Equity markets have flashed volatility lately. Even for those with long-term goals and a solid investment philosophy, it can be daunting.
Nerves get rattled on days with plunges of 1% or more, but things can seem calm again when markets go back into rally mode in subsequent sessions.
What to make of this roller-coaster action? Is this volatility normal? Does it mean a big crash is around the corner? Is it safe to sit through it? Should you just hold tight and hope for the best?
For investors who have confidence in their financial plan (as distinct from a budget or some projections on a spreadsheet), it may be easier to ride out a bout of volatility. But even if that describes you, it's very possible to be negatively affected by news reports and the anxiety of your friends and family.
How do you combat that?
First, it's important to understand that market volatility is normal. Intellectually, you realize that stocks go up and down. Downturns are disappointing, but should not be surprising. Unfortunately, several factors make investors unusually nervous these days. Pre-retirees remember the 2008 market meltdown and today's contentious political climate can stoke these fears.
Unfortunately, an impetuous, emotional reaction to market volatility can cause more harm than good. For example, you might sell stock at a lower price and the market rebounds soon after, but you don't time your new purchases correctly, or be too skittish to invest again and miss out on a rally. While remaining in cash too long not only means missing out on the next rally, it also means your money is languishing in low-interest-rate instruments and is unlikely to stay ahead of inflation.
It's not necessarily easy, but tuning out the noise is a good practice for investors. Having a financial plan is a great first step. Sadly, many non-fiduciary advisors will create a document that shows expected investment returns, with perhaps some other pieces of cursory data included, and call it a plan.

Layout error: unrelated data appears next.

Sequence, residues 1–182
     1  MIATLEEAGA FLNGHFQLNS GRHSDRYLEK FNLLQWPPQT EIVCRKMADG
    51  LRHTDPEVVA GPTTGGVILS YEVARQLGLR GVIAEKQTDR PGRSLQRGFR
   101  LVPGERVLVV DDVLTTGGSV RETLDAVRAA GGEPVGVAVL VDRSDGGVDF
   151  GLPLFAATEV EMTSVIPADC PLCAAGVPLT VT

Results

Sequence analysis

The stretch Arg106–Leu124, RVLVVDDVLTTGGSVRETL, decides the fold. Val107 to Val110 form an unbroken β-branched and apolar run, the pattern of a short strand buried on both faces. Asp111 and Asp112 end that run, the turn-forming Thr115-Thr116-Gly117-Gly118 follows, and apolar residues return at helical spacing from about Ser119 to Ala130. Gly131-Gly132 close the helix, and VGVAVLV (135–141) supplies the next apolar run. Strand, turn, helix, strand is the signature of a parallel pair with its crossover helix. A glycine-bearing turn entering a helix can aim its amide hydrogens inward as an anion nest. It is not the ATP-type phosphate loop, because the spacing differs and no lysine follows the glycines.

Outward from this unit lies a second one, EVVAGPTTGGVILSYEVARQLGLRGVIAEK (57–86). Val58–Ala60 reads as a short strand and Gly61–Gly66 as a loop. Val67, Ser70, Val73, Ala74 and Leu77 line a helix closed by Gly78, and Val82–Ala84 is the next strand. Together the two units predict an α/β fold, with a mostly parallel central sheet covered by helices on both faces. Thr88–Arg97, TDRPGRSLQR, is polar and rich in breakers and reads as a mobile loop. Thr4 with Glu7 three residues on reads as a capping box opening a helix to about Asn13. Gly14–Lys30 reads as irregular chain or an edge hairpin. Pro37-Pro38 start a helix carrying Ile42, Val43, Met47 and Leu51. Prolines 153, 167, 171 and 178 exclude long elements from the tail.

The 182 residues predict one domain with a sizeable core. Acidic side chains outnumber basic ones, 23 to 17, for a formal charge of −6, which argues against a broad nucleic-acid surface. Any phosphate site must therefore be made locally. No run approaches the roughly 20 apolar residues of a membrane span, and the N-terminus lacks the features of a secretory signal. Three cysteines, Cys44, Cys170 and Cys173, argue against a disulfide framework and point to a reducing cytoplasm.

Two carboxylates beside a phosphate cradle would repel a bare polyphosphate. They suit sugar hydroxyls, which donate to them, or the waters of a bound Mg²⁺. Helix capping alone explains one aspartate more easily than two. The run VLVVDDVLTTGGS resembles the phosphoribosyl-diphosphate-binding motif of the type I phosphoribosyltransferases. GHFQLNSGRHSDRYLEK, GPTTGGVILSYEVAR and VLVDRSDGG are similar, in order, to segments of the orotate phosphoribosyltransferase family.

A true financial plan is not a one-and-done document, neatly bound in leather and embossed with your initials.
Instead of caving in to an emotional desire to hit the sell button when markets decline, review your financial goals. A good plan should take volatility and stock market declines into account.
Without a comprehensive plan, it's understandable that a sharp or prolonged market downturn might send you into a panic, since you have no idea whether you are on track to meet your goals, and whether the correction will devastate your retirement.
When the stock market heads south, instead of rushing to the perceived safety of cash, review the elements of a good financial plan.
How are you positioned? Are your investments positioned the right way to generate the growth and income you need to maintain your lifestyle and cover expenses throughout retirement?
Do you have a plan for withdrawing money from your accounts? Does this plan include required minimum distributions from qualified accounts? Your plan should also include tax consequences of all your retirement income, including account withdrawals, Social Security, pensions, income from work or any other sources. Taxes are a big expense in retirement, something many people don't realize.
Have you reviewed your insurance? Often, people keep paying life insurance premiums after they are retired and don't need to replace income from work, to support a spouse or family. It's fine if you are using insurance for purposes such as estate planning, but make sure you understand why every policy is in place.
Do you have good plans for a transfer of your assets? Many people assume a will covers their wishes, but often, a will was created decades ago and is no longer entirely applicable. Life changes. Children grow up and have their own children. Situations relevant 20 years ago are likely not relevant today. Also, your beneficiaries on your investment accounts take precedence over beneficiaries named in a will. Be sure those are up to date, as well.
You can't avoid uncertainty in life. Your situation is always evolving; nothing is ever written in stone. This is why a plan should be reviewed on a yearly basis.
Likewise, markets change. Today's downturn morphs into tomorrow's rally. Investors frequently justify an emotional decision to sell by trying to frame it logically, using economic or market data as a way of rationalizing fear.
Markets will go up and down. This is known. While it's tempting to say, "This time it's different," there is no reason - not even chaotic politics - to assume the next downturn won't reverse course at some point and become a fresh rally. You don't want to make a trading mistake that results in a terrible outcome for your retirement goals.